Tom Petty set the scene with just a couple of lines: "Well, she was an American girl / Raised on promises."

In a little more than three and a half minutes, Petty wove a tale of a heartbroken girl who, like many Americans, goes in search of something bigger than herself: "She couldn't help thinking that that there was a little more to life somewhere else." The song was at once ardently energetic, building toward a blistering ending, and deceptively desolate with themes of solitude and loss.

At the time of the song's writing, Petty and the Heartbreakers had only recently signed a recording contract. It was a major milestone for the band, which had traveled from Gainesville, Fla., to Los Angeles in search of a "little more to life," but the deal didn't make the group an overnight star. "American Girl," the final track on their self-titled debut album summed up a sentiment many ambitious people learn in the land of opportunity: The American dream can be glitzy and glamorous, but it's not always what it's cracked up to be.

Petty wrote "American Girl" on his acoustic guitar, not by choice but because it was the only guitar he owned. He was living in Florida at the time, and his apartment backed up against U.S. 441, where a steady stream of traffic ran. "The cars would go by," he said in Paul Zollo's 2005 book, Conversations With Tom Petty. "And I remember thinking that that sounded like the ocean to me. That was my ocean. My Malibu."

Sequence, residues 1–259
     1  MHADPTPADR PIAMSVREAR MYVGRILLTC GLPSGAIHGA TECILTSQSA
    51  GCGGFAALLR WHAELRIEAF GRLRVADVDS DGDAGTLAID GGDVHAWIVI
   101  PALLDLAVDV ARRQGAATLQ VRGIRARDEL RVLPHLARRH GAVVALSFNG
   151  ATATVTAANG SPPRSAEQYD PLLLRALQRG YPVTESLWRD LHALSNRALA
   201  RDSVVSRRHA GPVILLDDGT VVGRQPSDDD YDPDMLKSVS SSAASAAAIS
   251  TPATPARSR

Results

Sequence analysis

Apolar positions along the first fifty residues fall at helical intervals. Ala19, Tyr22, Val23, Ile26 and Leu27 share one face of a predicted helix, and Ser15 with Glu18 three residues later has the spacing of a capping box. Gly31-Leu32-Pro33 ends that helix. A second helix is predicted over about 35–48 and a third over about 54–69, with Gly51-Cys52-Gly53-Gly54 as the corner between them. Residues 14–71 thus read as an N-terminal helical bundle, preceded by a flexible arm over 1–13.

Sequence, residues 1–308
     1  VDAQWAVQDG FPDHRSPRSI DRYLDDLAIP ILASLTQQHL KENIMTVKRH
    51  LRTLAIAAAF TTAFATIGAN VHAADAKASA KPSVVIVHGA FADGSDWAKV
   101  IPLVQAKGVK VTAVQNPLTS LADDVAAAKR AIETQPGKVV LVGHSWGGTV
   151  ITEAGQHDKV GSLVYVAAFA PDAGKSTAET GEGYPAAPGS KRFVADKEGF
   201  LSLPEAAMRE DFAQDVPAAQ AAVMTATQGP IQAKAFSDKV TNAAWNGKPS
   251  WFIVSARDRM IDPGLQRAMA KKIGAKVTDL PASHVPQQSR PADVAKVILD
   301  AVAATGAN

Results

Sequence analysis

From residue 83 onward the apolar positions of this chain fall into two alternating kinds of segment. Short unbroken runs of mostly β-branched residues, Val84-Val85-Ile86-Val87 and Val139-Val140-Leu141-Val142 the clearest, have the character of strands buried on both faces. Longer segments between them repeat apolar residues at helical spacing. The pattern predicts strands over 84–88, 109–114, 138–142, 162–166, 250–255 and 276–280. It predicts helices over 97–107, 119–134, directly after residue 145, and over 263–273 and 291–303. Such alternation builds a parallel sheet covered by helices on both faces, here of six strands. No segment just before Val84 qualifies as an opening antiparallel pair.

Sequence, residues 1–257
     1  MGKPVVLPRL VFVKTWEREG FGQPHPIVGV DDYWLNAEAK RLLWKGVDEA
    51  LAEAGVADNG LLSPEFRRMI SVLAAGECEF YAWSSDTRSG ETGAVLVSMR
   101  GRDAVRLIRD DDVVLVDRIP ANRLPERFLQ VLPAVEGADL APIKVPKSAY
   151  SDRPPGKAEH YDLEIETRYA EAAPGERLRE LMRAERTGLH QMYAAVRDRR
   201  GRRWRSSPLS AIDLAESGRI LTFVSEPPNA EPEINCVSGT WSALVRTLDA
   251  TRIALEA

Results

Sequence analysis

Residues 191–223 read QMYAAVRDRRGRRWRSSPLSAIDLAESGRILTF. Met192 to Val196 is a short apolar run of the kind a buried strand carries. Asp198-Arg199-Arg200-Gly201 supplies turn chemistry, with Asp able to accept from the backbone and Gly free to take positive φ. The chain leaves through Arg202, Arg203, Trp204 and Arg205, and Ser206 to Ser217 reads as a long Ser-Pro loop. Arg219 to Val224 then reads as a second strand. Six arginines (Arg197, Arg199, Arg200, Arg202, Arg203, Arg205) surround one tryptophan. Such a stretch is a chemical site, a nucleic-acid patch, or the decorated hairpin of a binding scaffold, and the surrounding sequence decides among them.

When the song was brought to the studio, it was time to up the ante. Drummer Stan Lynch provided a Bo Diddley-inspired backbeat. "The drums are all on one track, which is really unusual," Petty recalled. "They're damn present." And what sounds like a 12-string guitar was two six-strings played by Petty and guitarist Mike Campbell, layered on top of each other. Campbell's trick to making the song sound more in tune? Leaving the third out of several chords, creating a sound that mirrored that of a horn section.

The high-reaching backing vocals were supplied by Phil Seymour of the Dwight Twilley Band, who also sang backing on the album's first single, "Breakdown." This was before Pro Tools, so the band had to get creative if it wanted to track a long, extended vocal like the one heard at the end of "American Girl," a feat achieved by Petty and Seymour singing the note and staggering their breathing. "We called it the laser vocal," Campbell later told Songfacts.

"American Girl" was recorded on the Fourth of July 1976, the exact date of America's bicentennial, and something about it just felt right, the members thought — as if all the pieces of who they were trying to become were finally starting to piece together. "I think everyone knew that there was a little lightning in the bottle on that one," Lynch later told Petty biographer Warren Zanes.

Listen to Tom Petty and the Heartbreakers' 'American Girl'

When the song was released, some couldn't help but notice a similarity to another L.A. band: the Byrds. Even though Petty loved the Byrds, the similarities weren't intentional. "I don't think it sounds anything like the Byrds to me," he said. "We would have never dreamed that we could sound like the Byrds. We would have wished we could sound like the Byrds. But we certainly weren't thinking that."

The Byrds' Roger McGuinn thought otherwise. Upon first hearing the song, he thought it was one of his. "I know it freaked Roger out pretty good," Petty remarked to Melody Maker in 1981.

"The vocal inflections were just like mine," McGuinn told Philly Voice in 2017. "I was told that a guy from Florida named Tom Petty wrote and sings the song, and I said that I had to meet him.” McGuinn even released a cover of "American Girl" in 1977.